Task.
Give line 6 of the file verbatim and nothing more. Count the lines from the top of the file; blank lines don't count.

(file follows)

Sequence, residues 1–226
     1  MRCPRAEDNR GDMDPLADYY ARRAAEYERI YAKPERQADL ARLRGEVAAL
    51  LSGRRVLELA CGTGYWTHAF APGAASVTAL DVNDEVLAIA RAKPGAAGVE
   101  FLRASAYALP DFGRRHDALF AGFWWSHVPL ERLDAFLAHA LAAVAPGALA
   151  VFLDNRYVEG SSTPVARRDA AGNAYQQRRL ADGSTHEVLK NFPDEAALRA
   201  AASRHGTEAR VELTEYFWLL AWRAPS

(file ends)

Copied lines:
   201  AASRHGTEAR VELTEYFWLL AWRAPS